Insecurity : Working from prison, an outlet for thousands of prisoners in Latin America

Working from prison, an outlet for thousands of prisoners in Latin America

A penalty of Cuzco, in Peru, offers the possibility of working informally prisoners behind bars and so assist their eventual reintegration into society

Quencoro prison inmates working in prison textiles / WORLD BANK

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Since he is in prison, almost four years, Daniel has not stopped thinking about her family or Year 2022, when should again be free. Time does not go fast enough in criminal Quencoro, Cuzco, where the young man is serving alongside other 1.900 Inmates.

But since she started making and selling traditional textiles outside prison, feel you are ensuring the livelihood of his wife and son until the day that he be released.

Daniel, of 30 years old, He is one of thousands of prisoners as part of nascent reintegration programs through employment, seeking to restore the true meaning to the word "rehabilitation" in one of the most inefficient prison systems in the world.

Overcrowding, corruption, lack of control and recidivism are just some of the serious problems facing prisons in Latin America.

For example, the prisons in El Salvador have an overpopulation of 334% (or three times more than planned) Bolivia and the figure reaches the 263%. Peru ranks third in this ranking, with an occupation of 225%.

Only 45% of inmates have a court judgment. Many crimes in cities like Lima, Bogota and Tegucigalpa are devised from prison and most inmates quickly returns to criminal after his release, turning their reintegration into society in failure, experts.

There is a divorce between the judiciary and penal. Those who make the laws and those who administer justice do not usually take into account the ability to lodge criminal, as conceded by the authorities themselves.

"The prison benefits are cut and stiffen penalties, innermost of those who leave and enter spaces available virtually unchanged ", says José Luis Pérez Guadalupe, President of the National Penitentiary Institute of Peru. He adds that "in addition, an important part of the prison population is still waiting for a judge to decide definitively whether or not guilty ".

What to do?

The increase in the prison population in Latin America has gone viral hand rising crime. Seven of the ten countries withthe highest murder rates in the world are in the region.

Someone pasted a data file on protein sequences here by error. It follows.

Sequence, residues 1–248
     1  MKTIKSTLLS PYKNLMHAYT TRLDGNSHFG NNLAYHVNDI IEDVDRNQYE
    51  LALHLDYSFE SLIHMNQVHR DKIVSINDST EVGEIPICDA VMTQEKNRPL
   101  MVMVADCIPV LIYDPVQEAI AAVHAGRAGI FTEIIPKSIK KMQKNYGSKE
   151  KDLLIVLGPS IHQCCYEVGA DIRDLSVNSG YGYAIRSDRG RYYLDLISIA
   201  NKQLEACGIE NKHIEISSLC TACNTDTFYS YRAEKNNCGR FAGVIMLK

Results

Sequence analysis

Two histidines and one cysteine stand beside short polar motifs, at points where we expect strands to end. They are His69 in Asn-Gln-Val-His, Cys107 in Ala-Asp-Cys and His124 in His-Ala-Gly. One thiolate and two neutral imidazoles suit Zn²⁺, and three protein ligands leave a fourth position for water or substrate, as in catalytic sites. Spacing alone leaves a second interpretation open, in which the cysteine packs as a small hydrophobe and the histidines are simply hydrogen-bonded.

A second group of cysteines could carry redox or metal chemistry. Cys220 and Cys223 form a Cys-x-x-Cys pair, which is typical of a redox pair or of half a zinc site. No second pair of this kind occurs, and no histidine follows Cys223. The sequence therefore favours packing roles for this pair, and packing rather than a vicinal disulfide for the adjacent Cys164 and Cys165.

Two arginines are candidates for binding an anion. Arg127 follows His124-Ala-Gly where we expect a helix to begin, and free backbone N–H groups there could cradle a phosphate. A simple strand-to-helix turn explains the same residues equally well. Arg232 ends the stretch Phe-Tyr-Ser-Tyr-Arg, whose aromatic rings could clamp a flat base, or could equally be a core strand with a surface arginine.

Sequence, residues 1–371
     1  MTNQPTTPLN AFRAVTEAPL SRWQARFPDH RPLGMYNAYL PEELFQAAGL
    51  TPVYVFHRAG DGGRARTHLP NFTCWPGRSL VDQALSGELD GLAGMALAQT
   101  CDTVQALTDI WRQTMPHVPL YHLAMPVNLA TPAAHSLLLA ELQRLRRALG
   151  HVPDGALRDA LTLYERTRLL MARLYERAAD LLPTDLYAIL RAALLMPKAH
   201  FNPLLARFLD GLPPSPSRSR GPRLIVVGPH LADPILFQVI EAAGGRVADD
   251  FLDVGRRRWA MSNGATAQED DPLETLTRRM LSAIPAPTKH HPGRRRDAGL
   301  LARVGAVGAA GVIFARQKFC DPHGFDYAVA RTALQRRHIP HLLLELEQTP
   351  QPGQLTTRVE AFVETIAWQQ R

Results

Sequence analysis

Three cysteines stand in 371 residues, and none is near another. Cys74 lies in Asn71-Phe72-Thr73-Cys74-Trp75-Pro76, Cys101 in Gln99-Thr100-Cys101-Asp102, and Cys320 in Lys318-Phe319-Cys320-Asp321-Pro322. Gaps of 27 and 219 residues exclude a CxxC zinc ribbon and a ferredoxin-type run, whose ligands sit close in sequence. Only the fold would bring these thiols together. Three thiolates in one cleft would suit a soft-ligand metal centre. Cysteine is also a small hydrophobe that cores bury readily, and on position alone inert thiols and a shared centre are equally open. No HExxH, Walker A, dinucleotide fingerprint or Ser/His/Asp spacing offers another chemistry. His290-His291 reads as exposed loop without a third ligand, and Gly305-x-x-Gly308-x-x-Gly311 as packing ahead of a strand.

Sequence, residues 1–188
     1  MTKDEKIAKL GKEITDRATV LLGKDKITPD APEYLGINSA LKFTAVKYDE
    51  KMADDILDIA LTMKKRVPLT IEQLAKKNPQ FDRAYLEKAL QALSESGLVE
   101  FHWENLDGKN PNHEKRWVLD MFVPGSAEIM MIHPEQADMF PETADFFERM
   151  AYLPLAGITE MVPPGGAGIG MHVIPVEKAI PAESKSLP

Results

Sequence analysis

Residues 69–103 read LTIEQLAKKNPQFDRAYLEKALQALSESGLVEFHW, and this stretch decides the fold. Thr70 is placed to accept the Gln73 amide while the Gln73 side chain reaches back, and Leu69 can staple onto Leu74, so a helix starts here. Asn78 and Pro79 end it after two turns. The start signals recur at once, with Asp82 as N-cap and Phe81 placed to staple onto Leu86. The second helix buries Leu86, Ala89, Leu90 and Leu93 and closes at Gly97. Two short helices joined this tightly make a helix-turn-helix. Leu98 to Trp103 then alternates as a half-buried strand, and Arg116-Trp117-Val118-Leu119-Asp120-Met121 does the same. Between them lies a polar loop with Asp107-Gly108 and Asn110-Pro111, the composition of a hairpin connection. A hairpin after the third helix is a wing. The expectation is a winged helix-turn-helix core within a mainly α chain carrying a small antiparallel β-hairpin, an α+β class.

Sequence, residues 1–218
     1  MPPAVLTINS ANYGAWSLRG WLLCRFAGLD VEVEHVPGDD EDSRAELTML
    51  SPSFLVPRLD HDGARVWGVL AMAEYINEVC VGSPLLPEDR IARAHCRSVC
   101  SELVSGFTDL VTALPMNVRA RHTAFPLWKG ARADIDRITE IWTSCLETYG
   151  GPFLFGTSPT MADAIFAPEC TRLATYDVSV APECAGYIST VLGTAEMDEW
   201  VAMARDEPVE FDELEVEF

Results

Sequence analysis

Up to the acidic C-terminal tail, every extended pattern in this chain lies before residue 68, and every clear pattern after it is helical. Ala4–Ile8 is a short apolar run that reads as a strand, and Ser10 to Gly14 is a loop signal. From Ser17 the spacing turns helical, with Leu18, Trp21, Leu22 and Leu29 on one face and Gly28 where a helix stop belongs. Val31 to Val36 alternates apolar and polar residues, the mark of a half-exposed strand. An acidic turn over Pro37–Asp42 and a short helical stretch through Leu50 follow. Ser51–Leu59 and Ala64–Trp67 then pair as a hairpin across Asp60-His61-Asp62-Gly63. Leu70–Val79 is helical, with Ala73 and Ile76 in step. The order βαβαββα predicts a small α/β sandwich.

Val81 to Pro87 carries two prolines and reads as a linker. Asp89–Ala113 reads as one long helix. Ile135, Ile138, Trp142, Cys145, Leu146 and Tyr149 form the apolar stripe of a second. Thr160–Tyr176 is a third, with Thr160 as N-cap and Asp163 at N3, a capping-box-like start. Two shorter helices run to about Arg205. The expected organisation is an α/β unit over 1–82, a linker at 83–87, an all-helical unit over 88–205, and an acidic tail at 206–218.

While there is no single reason for both phenomena, no magic wand to solve, is difficult to think of an effective social reintegration without taking into account the conditions of social exclusion that lead to crime.

A project of National Penitentiary Institute of Peru aims attack, precisely, the causes of social exclusion that afflicts most of the prisoners, especially in the Andean prisons. The so-called Criminal-School Workshop It is a strategy that seeks to change the values ​​and perspectives of re-employment of individuals deprived of their liberty.

This initiative, supported by the World Bank and other institutions, promotes the training of young people at work crafts, textiles, hides and other products, which are then sold in many places of tourist circuits, or supermarkets.

For many internal, such as Daniel, proceeds from these activities are the main source of livelihood for their families and their only option to follow "caring from prison".

Now, well, the importance of projects like this is that not only help to improve the economic conditions of families of prisoners, which are among the most vulnerable in the region. "It represents a model of rehabilitation through economic inclusion, which is one of the pillars of the ambitious process of prison reform in Peru”, Governance expert says World Bank, Sergi Pérez Serrano.

These initiatives, according to the specialist, support what should be the mission of the prison systems: become real opportunities for social inclusion.

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